Compiled below for personal use are a few random examples of dealing with Debian packages.
Setting A Package On Hold
There are reasons for not wanting to automatically upgrade a package, for instance if you know the new version to be buggy. In that situation you want to put this package on hold.
$ echo packagename hold | dpkg --set-selections
apt-get dist-upgrade now won't update this package anymore. To release a package from hold again:
$ echo packagename install | dpkg --set-selections
To learn about the packages that are on hold:
$ dpkg --get-selections
Individual packages can be installed via
dpkg -i package.deb. This won't, however, take care of dependencies. If you have lots of those packages you might want to have a local repository that you can add to
sources.list and use in conjunction with commands as
$ mkdir repository $ cd repository user:~/repository $ mkdir binary user:~/repository $ mkdir source
Now, you can copy
.deb packages to
binary and source files as
source. Then you need to generate information about these files:
user:~/repository $ dpkg-scanpackages binary /dev/null \ > | gzip -9c > binary/Packages.gz user:~/repository $ dpkg-scansources source /dev/null \ > | gzip -9c > source/Sources.gz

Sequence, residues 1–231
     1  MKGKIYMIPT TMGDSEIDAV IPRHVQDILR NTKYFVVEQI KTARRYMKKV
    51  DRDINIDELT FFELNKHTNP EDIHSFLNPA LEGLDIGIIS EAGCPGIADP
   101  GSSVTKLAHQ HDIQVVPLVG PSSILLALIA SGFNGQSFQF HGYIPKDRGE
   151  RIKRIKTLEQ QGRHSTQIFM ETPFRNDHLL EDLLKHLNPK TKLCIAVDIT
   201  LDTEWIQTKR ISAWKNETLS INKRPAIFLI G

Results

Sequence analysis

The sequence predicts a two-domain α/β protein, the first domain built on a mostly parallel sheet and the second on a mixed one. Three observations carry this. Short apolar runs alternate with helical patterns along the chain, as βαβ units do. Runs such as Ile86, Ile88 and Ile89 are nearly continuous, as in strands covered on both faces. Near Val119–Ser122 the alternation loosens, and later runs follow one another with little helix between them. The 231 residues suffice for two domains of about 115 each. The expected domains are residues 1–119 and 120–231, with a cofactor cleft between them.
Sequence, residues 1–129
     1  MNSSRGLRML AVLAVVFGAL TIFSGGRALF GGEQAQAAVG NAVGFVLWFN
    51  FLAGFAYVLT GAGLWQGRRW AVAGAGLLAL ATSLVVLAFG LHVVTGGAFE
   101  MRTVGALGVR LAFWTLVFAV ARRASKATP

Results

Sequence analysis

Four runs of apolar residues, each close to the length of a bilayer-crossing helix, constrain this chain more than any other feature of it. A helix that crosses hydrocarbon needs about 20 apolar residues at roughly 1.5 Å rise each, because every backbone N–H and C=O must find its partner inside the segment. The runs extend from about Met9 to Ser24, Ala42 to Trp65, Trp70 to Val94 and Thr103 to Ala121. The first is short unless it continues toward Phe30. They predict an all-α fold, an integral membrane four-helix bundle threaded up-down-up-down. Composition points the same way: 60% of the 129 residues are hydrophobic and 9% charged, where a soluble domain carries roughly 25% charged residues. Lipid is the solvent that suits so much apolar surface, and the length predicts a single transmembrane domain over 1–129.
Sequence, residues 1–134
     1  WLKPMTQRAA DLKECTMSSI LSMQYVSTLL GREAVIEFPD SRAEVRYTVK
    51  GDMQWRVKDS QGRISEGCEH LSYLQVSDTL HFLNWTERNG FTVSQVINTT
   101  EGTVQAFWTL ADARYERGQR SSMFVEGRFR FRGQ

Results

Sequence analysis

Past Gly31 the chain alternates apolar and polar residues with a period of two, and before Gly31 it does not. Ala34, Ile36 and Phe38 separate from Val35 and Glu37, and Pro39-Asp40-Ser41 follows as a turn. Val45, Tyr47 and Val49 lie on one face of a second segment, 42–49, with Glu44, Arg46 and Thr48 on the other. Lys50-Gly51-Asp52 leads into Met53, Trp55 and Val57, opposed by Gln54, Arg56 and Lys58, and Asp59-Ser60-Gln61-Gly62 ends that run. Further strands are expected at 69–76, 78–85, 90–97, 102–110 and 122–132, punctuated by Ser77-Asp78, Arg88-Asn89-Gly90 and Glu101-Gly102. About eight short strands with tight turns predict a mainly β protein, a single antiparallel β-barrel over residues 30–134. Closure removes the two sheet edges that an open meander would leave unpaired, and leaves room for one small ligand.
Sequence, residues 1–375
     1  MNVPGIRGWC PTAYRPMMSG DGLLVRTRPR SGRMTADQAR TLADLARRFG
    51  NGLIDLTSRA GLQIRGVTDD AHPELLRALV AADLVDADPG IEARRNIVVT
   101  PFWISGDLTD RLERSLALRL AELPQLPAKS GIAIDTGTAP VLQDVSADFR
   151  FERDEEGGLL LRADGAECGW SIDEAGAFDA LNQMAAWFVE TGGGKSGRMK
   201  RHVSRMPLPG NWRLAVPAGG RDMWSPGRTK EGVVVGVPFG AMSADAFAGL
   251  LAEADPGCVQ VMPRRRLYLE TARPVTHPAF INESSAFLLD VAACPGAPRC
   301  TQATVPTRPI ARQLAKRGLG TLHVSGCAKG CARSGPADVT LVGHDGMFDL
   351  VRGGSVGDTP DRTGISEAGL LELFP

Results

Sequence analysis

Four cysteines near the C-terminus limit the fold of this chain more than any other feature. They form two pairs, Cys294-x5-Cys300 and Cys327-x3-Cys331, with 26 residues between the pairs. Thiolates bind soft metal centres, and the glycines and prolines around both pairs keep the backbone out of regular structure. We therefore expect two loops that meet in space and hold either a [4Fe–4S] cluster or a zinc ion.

Finally, to make the freshly created repository available to e.g.
apt-get we add the following to
Downgrading A Package
To install a particular version of a package:
$ sudo apt-get install packagename=version
Older versions of packages can be found for example at http://snapshot.debian.net.
When you use packages from third-parties that are not official part of a distribution it's likely that you run into errors. For instance,
$ apt-get install ... ... dpkg: error processing packageX.deb (--unpack): trying to overwrite `...', which is also in package ... dpkg-deb: subprocess paste killed by signal (Broken pipe) Errors were encountered while processing: packageX.deb E: Sub-process /usr/bin/dpkg returned an error code (1)Then you can work around as:
$ dpkg -i --force-overwrite packageX.deb